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Unfortunately, when the big providers have the ability to buy enough poiliticians so that they can create laws to prevent fair competition, I can't see that happening. Chattanooga, Tennessee successfully created an public utility based internet service that was both inexpensive (compared to the big three) and high speed. Laws were quickly passed in several other states to make this sort of thing illegal.

Edited by Reverend Jim

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Yes, I imagine Comcast lined a few pockets on that one. There are other legitimate issues though. Federal government imposing its will on the states. FCC overreaching its authority. Treating the internet as a "utility" to be run and regulated by government vs. leaving it to private businesses. Etcetera.

Now were those the REAL issues or just excuses so they could take Comcast's money and nip that idea in the bud so Comcast would have less competition? It's actually both, I think. You can side with Comcast and Tennessee on the legitimate issues without liking or trusting them just like you can defend the guilty-as-sin criminal defendent when the government overreaches there. I don't know enough about the case to judge.

But I doubt it's fatal, and two can play Comcast's game as far as manipulating politicians. The precedent is set. Someone provided Comcast's service for WAY cheaper, so there's a lot of money to be made, so more people will try. Monopolies are tough to crack, but it's been done before.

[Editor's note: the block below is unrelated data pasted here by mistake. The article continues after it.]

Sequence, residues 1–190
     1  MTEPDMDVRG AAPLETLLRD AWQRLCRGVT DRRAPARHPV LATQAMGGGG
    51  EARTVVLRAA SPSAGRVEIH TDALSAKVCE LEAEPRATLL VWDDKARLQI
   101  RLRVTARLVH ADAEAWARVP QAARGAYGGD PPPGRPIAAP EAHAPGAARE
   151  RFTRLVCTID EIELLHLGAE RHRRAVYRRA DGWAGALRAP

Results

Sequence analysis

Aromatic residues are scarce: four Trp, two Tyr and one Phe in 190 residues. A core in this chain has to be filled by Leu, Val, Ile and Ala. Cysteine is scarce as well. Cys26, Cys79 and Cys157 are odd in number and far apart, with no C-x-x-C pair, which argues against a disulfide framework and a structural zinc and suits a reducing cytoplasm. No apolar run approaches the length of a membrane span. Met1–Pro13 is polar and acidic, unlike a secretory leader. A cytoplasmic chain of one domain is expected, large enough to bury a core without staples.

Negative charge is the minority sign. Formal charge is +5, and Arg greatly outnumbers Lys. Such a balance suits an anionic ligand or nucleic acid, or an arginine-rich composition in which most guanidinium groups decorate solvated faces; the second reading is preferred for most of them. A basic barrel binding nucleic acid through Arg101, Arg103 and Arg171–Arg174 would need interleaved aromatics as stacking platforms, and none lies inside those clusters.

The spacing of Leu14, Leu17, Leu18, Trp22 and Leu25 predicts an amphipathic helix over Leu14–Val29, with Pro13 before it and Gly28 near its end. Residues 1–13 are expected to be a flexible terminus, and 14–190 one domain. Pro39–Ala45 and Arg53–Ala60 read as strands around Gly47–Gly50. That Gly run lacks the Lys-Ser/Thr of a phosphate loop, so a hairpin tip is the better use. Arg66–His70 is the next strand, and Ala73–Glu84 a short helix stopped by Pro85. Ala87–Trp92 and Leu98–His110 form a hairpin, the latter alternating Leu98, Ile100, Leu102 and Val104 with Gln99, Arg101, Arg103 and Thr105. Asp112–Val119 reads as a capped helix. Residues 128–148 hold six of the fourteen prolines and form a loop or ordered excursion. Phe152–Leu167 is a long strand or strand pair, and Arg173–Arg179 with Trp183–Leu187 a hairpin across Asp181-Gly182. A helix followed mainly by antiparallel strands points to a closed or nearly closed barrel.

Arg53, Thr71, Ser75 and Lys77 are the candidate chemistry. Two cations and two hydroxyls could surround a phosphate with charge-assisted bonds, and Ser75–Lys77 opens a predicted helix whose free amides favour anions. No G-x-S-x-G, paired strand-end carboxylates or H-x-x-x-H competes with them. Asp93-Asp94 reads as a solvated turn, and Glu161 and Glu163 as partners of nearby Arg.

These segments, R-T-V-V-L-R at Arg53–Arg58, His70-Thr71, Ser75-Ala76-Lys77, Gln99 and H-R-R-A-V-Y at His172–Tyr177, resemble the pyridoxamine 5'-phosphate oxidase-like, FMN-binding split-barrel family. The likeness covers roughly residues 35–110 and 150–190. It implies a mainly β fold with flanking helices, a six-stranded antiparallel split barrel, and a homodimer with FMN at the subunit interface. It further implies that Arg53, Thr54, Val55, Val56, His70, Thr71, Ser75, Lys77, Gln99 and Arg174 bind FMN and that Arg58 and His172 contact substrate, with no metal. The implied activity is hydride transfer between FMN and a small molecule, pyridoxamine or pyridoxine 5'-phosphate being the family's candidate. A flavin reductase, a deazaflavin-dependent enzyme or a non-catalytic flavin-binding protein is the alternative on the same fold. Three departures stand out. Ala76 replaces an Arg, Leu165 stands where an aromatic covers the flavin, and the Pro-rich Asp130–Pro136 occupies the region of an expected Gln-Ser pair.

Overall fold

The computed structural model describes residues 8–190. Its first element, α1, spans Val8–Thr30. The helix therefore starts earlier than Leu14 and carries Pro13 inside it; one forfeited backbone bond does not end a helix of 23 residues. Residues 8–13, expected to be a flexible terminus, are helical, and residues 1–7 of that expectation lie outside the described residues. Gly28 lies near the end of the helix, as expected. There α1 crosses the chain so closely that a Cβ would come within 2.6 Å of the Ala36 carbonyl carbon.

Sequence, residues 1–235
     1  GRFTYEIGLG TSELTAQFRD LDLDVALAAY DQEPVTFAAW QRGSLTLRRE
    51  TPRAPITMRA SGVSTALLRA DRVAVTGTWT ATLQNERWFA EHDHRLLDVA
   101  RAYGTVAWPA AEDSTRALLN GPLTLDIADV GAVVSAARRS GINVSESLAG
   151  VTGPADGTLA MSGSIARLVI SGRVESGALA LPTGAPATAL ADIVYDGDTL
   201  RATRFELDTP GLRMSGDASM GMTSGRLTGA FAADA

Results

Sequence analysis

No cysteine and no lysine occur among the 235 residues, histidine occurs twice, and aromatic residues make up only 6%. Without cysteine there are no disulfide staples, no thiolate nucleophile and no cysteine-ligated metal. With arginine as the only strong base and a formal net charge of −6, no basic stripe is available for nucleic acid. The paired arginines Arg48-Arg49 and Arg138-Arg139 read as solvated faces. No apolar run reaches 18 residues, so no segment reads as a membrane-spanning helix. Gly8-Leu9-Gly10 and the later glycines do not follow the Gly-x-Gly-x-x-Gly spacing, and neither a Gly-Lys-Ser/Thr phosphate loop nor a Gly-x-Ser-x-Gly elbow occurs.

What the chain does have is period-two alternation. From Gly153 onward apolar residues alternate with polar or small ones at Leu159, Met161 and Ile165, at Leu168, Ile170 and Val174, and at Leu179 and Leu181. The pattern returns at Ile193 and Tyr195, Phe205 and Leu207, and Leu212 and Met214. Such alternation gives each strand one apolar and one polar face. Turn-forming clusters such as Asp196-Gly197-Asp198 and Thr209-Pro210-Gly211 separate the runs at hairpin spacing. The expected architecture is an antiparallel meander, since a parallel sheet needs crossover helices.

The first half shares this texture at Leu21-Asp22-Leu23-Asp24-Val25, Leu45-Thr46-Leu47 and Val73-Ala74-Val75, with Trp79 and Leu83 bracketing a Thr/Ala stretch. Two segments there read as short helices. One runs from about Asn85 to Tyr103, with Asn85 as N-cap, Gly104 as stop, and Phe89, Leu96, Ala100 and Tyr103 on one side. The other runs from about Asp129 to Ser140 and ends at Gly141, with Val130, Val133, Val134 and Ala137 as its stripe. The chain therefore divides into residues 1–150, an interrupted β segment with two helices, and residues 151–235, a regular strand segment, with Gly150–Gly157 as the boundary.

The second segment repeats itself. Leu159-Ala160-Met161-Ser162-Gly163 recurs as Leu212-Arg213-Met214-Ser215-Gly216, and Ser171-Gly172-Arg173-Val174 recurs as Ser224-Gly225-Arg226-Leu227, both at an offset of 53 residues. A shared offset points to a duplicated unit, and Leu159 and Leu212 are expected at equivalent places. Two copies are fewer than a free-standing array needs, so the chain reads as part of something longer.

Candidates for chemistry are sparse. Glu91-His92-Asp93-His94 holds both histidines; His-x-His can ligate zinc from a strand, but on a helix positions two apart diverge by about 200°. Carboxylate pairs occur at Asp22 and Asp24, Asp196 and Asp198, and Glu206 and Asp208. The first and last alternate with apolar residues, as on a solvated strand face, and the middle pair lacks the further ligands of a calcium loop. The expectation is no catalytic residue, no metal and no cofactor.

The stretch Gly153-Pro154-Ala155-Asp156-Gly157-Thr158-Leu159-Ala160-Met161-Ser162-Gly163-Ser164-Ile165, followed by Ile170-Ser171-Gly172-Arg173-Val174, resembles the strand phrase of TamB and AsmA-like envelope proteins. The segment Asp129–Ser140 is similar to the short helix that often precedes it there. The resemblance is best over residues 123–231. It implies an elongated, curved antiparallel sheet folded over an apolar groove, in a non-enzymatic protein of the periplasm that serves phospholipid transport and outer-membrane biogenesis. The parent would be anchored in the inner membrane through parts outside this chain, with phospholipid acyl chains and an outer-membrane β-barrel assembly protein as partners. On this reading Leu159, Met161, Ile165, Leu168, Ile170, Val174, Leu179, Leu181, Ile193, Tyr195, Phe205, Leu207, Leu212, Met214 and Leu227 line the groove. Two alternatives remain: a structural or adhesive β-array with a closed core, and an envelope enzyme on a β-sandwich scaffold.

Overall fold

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Verizon and Comcast have made public statements to the effect that they did not sell customers' individual web browsing history before the FCC privacy rules were adopted and have no plans to do so now that they have been repealed.

Please note the distinction between "we have no plans to" and "we will never". Six months or a year from now they could develop a plan to sell private data without invalidating their prior claim.

Also notable is that Verizon privacy officer Karen Zacharia said in a blog post Friday the company has two programs that use customer browsing data. One allows marketers to access "de-identified information to determine which customers fit into groups that advertisers are trying to reach" while the other "provides aggregate insights that might be useful for advertisers and other businesses."

Only AT&T stated clearly that they "will not sell your personal information to anyone, for any purpose. Period." In a blog post Friday, AT&T said it would not change those policies after Trump signs the repeal.

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Treating the internet as a "utility" to be run and regulated by government

Considering the amount of stuff that is dependent on the internet it really should be considered a utility. In the UK at least, you're now required to have an e-mail address and apply for jobs online in order to qualify for unemployment benefits.

Also notable is that Verizon privacy officer Karen Zacharia said in a blog post Friday the company has two programs that use customer browsing data.

Verizon also just annouced an update to their phones that will allow them to collect information on every app their customers have installed and when each of those apps are used.

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A company in Canada recently lost a class actions suit because of privacy issues. It seems that their product, which can be controlled remotely via smart phone, was collecting temperature, frequency and duration of use and sending it back to the head office. The product was a vibrator (yes, that kind of vibrator). Customers were justifiably upset.